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Saturday / December 5.

The Latest Event Industry Insights

Planning an event agenda, does that sound like a breeze to you? In the blink of an eye, you can pull a template from your database or get many similar ones from the Internet. However, writing an agenda for an event is actually more challenging than it seems. It must be brief but comprehensive, succinct but appealing. If your attendees don’t feel like reading a boring or confusing agenda, they will be less aware of what is happening during the event, and as a result will be less engaged.

Are you likely to put a lot of effort, time and resources into creating a fantastic attendance at this upcoming event and restart all over, acquiring new and fresh attendees again at the next one? Or would you rather be able to rely on a substantial percentage of repeat attendees to sustain your level of success at your next events? How do then ensure that once your guests attend this event and the next, they keep coming?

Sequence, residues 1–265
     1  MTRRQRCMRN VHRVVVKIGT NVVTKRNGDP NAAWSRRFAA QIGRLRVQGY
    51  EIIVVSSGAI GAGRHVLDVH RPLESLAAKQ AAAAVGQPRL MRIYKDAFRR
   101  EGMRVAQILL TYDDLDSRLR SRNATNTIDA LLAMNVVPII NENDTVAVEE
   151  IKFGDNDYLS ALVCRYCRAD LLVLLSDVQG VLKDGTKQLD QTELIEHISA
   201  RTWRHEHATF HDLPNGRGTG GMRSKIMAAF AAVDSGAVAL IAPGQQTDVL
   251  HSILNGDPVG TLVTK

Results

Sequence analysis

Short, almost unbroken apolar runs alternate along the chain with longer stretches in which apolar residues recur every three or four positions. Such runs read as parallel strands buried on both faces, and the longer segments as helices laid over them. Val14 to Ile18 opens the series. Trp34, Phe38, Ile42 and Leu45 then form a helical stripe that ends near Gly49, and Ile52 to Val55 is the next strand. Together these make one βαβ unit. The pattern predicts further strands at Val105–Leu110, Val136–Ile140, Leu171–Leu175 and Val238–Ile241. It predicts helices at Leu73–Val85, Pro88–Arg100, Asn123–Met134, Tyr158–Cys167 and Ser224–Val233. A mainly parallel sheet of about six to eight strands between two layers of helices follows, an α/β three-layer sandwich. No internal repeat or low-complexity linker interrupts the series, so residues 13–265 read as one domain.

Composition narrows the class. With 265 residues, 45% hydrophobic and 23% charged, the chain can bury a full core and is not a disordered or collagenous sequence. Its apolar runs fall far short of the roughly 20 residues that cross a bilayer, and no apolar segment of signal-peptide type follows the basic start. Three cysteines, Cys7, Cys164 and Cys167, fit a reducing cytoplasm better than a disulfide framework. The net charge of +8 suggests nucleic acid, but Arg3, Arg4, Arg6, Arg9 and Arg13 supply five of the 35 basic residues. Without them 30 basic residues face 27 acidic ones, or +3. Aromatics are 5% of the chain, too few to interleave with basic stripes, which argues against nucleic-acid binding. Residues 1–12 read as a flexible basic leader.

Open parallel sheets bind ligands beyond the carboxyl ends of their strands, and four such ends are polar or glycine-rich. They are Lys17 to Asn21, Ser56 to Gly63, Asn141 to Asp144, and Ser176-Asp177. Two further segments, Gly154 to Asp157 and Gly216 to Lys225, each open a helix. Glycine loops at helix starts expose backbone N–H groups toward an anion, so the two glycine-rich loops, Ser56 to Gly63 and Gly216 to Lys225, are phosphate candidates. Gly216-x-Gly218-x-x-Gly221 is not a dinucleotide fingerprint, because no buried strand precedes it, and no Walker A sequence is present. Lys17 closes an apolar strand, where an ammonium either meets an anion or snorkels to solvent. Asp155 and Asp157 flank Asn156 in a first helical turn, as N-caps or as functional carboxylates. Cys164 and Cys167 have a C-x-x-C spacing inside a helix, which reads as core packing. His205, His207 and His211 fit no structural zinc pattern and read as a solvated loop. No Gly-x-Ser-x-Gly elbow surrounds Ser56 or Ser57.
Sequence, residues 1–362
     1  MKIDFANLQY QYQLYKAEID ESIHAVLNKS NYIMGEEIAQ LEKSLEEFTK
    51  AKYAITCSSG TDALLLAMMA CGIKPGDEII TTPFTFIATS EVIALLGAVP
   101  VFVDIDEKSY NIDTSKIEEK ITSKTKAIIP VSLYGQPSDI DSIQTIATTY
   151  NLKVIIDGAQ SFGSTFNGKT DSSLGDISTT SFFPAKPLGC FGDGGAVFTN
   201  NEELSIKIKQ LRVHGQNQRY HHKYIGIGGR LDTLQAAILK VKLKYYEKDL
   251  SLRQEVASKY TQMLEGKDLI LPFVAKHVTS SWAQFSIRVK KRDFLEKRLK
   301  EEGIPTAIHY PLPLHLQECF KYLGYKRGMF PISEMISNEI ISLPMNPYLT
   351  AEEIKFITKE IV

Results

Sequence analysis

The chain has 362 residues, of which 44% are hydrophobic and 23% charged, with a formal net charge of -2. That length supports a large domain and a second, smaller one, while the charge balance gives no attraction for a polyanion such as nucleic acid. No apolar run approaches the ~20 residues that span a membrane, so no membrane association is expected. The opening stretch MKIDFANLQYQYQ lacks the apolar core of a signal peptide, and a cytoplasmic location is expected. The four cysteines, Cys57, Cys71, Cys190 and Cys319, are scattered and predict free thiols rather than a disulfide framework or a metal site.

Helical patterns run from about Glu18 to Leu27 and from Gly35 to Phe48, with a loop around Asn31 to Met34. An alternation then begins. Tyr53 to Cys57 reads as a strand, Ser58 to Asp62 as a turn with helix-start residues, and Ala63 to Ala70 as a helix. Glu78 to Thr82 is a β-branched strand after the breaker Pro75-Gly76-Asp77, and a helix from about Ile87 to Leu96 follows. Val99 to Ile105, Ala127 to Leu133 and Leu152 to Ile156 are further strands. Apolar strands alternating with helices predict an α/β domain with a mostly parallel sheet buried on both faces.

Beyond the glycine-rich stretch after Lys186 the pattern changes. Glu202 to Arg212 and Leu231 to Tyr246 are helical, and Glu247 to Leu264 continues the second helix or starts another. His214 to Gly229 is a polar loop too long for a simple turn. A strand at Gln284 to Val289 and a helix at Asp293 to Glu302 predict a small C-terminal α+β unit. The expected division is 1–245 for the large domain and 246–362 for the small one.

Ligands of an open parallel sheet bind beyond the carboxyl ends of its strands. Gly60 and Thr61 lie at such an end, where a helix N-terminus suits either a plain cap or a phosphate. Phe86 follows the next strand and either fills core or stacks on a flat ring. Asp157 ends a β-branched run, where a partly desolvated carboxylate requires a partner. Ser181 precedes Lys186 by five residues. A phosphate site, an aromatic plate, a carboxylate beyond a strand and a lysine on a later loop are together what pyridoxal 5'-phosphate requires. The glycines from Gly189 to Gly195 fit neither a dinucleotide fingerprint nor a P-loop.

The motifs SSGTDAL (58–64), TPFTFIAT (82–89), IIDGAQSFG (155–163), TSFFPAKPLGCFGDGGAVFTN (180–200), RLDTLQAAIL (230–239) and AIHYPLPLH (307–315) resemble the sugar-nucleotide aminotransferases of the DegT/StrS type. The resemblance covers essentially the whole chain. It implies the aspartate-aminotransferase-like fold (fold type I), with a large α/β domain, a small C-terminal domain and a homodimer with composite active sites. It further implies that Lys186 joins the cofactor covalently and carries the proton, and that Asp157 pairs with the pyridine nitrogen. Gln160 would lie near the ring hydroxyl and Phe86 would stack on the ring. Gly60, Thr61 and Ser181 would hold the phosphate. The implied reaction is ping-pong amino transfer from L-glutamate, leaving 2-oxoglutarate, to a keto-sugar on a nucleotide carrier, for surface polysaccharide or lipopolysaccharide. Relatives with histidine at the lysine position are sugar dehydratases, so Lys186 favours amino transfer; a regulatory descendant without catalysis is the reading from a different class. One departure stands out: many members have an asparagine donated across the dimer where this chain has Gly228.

It probably took you weeks, if not months trying to find an available venue for your event, within the extent of your budget and that suit best your requirements. You have finally identified and confirmed one out of the lot although you think it is not the ideal. Now, how to make the most out of your chosen venue? Every venue, independent of your budget, has its upside and downside. The trick is, recognizing the potential of your chosen venue and, turning it into a great asset for your event instead of focusing on what could be better or what you don’t have.

Evolving from online personal journals more than a decade ago, blogs have now become a marketing force that generates sales and boosts conversion of leads. Accessible to all, blogging is an incredibly convenient way to relay information and entertain readers. Bridging the gap between the stringent undertones of official sites and the informal quality of social media like Twitter and Instagram, blogging provides a channel for communication between you and your audience, as well as an opportunity to inject a voice and personality in contrast to cold, manufactured marketing messages.